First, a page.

Cordova, AK (PRWEB) May 1, 2006
They say what you don’t know can’t hurt you, but a group of four Alaska high school students set out to disprove that. Winners of an essay contest in which they discussed how their families were affected by the 1989 Exxon Valdez oil spill, their reward was the chance to participate in a field trip around Prince William Sound to learn about the spill and lingering oil. Under a motto of “Learning from the past, for the future” they took the lessons they learned about the social and biological effects of the oil spill to educate their peers and others in Cordova and, also, Washington, DC.
The 17th anniversary of the March 24, 1989 Exxon Valdez oil spill has recently come and gone, marking the date when a chain reaction of human errors set the Exxon Valdez oil tanker aground on Bligh Reef, where it leaked approximately 11 million gallons of North Slope crude before it was finally stopped. The oil slick covered 10,000 square miles and killed upwards of 250,000 seabirds, 2,800 sea otters, 150 bald eagles, and countless other creatures in Prince William Sound. A badly mismanaged cleanup followed, and after that, Exxon seemed only to be a legal battle and a bad taste in Alaska’s mouth.
The Lingering Oil Education Project team - including Marney Mallory, Zeben Kopchak, and Emma Roemhildt of Cordova, Hannah Bradley of Homer, and their advisor Kate Alexander of the Prince William Sound Science Center - assembled in Cordova March 14 to begin painting a picture of the social impact the spill had on the Sound. Roemhildt, 14, said “I’ve noticed a lot of bitterness in my community in Cordova, both to Exxon and to each other. Community members feel bitter over losing their livelihood: the fishing industry. That bitterness isn’t the most fun thing to grow up with.”
After waiting for bad weather to subside, the team boarded their chartered boat, the Auklet, and headed out into the Sound with Dr. Jeff Short, an Auke Bay Lab scientist who has spent over 10 years studying lingering oil Prince William Sound and disproving Exxon’s claims that oil is no longer affecting PWS. According to his 2001 study, 15,500 gallons of oil still remain on PWS beaches – only 2% of the original amount spilled, but still enough to affect intertidal foragers like sea otters and sea ducks.
The next morning, the team headed to two different beaches in Herring Bay, to see if they could find some of the remaining oil themselves. It was, unfortunately, very easy to find. It only took a few minutes of digging about six inches down in the rocky beach to find sediment that was black, sticky, and stinky with Exxon crude. “Disgusting” was the consensus reaction. After taking samples from both beaches, they headed for Valdez, where they received a tour of the SERVS fleet (Ship Escort Response Vessel System) aboard the Valdez Star, a 116 foot skimmer vessel. “It was pretty reassuring to see all the response equipment we have today compared to the nothing they had in 1989,” commented Mallory.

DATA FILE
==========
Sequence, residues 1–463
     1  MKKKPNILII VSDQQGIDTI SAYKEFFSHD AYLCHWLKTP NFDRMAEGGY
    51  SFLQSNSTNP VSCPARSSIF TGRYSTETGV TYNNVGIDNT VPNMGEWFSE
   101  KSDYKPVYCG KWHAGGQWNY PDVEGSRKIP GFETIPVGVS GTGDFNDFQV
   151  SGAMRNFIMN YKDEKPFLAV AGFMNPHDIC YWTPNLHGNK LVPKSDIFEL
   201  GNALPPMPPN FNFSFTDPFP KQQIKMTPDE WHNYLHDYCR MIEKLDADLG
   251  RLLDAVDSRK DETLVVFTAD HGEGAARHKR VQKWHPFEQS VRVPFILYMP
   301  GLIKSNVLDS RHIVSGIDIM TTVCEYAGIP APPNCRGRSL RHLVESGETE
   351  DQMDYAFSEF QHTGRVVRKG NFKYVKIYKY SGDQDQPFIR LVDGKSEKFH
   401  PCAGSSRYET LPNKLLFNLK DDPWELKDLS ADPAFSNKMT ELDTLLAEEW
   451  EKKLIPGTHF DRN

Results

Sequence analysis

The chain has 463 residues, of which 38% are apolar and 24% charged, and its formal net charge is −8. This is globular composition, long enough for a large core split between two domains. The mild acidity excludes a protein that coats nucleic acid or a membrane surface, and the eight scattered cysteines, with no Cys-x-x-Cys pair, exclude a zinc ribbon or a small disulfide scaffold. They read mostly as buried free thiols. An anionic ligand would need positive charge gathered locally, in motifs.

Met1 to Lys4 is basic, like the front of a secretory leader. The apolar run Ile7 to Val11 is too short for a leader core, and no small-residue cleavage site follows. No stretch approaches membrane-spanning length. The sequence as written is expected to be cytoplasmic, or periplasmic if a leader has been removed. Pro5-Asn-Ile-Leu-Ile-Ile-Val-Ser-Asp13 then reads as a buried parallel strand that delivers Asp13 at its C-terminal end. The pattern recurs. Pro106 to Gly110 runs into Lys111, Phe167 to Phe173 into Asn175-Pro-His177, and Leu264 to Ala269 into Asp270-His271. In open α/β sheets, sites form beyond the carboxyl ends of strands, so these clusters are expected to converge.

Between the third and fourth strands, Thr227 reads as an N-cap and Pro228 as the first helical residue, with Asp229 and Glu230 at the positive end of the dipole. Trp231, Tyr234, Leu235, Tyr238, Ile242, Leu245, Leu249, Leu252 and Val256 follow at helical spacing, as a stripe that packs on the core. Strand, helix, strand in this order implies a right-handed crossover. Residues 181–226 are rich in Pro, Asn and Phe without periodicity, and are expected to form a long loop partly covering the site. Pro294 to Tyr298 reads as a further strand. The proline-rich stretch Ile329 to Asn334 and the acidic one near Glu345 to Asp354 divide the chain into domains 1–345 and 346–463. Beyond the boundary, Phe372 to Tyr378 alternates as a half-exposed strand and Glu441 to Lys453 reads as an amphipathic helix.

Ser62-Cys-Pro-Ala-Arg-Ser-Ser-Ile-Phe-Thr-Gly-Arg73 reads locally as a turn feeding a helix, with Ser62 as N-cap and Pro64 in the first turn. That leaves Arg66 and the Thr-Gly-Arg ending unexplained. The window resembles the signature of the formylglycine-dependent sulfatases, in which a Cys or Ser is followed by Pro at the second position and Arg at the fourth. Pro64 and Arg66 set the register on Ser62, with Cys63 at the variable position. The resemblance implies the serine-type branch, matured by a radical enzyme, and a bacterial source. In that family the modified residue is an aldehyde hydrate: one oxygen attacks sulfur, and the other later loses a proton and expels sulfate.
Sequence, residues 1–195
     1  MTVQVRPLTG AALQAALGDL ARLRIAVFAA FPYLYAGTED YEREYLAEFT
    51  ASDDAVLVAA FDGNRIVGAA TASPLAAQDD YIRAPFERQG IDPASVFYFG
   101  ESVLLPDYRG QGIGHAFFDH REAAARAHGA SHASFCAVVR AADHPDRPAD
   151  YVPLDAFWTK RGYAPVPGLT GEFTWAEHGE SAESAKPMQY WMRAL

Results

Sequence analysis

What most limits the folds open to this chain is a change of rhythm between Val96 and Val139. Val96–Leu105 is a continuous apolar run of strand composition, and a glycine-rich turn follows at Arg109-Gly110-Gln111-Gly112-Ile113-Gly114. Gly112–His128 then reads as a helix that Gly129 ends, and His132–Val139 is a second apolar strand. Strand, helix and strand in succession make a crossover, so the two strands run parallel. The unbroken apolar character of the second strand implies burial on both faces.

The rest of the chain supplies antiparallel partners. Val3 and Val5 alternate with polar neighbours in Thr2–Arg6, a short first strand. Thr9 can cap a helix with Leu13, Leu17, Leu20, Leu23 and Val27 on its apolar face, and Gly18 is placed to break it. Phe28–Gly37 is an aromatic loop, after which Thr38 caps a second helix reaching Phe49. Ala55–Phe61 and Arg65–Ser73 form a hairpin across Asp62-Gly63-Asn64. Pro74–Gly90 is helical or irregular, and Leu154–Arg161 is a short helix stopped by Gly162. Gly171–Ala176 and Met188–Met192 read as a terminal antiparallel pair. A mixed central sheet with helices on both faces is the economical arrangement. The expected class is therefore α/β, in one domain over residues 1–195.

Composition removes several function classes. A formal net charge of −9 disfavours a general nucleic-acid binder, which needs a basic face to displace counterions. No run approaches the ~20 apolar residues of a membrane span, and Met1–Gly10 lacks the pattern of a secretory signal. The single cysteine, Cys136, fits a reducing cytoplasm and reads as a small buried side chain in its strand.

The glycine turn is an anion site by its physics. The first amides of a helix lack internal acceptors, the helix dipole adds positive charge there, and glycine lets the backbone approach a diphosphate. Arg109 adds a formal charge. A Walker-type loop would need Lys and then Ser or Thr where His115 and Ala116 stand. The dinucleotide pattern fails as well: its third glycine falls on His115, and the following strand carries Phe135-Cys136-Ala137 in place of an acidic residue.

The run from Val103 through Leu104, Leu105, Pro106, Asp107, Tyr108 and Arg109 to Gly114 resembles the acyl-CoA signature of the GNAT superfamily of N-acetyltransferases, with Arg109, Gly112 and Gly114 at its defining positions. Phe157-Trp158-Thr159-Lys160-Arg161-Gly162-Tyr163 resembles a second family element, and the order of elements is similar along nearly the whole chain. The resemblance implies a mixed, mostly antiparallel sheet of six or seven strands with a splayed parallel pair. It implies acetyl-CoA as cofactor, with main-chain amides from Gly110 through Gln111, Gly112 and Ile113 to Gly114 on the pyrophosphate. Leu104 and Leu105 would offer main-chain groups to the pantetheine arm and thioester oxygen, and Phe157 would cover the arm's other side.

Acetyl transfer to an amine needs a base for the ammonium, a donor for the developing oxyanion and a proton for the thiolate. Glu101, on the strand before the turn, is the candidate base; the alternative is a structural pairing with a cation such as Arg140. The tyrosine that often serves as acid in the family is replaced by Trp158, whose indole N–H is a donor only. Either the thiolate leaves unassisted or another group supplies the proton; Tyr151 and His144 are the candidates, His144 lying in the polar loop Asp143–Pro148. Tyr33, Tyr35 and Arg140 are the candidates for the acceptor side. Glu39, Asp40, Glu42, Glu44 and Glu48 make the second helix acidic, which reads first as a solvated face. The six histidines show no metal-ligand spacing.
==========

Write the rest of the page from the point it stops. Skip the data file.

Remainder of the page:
The team began compiling their findings during the next leg of their journey as they traveled to Washington, D.C. They worked while taking the ferry from Valdez to Cordova, and during transit stops in airport terminals. They also spent several late nights compiling a brief presentation and some background materials to share with others. In Washington, D.C., they gave a 30-minute presentation to Sidwell Friends High School, natural resource staff from the offices of Senators Ted Stevens and Lisa Murkowski and Congressman Don Young, the American Petroleum Institute, George Washington University, and McLean School in Maryland.
“It was a full schedule, but very rewarding,” said Bradley. “By the end, we felt like we had really opened some eyes, including our own.”
“The oil spill is still affecting Prince William Sound,” Bradley continued. Fishing, the main moneymaker, has never recovered, she said, and the oil on the beaches is still there, affecting the animals. But apart from the biological effects, the people, including the Lingering Oil Education team, were affected too. They realized just how much the spill still means to people in lost fishing and changed attitudes.
Bradley summarized the team’s overall conclusions, saying “The oil spill teaches us a huge lesson about responsibility: clean up the messes you make. It shows us to take action in our environment – it was human complacency that caused Exxon Valdez, and only our activism can make changes in the current situation. Learning about the spill and how it isn’t over yet is the first step in making sure there is never another Exxon Valdez.”
Photo of team - link
photo courtesy of DJanka: l to r: Zeben Kopchak (Cordova, AK), Dr. Jeff Short (Auke Bay Lab, Juneau, AK), Marney Mallory (Cordova, AK), Emma Roemhildt (Cordova, AK), Dave Janka (Captain, Auklet Charter, Cordova, AK), Hannah Bradley (Homer, AK), Kate Alexander (Prince William Sound Science Center, Cordova, AK)
Photo of Zeben Kopchak dips gloved fingers into hole dug on an unnamed beach in Herring Bay, Knight Island, Prince William Sound, AK.
If you’d like more information about lingering oil or this project, contact: Kate Alexander at the Prince William Sound Science Center (907) 424-5800 x 231.
Press Release written by Contest Winner Hannah Bradley.
High resolution images available upon request.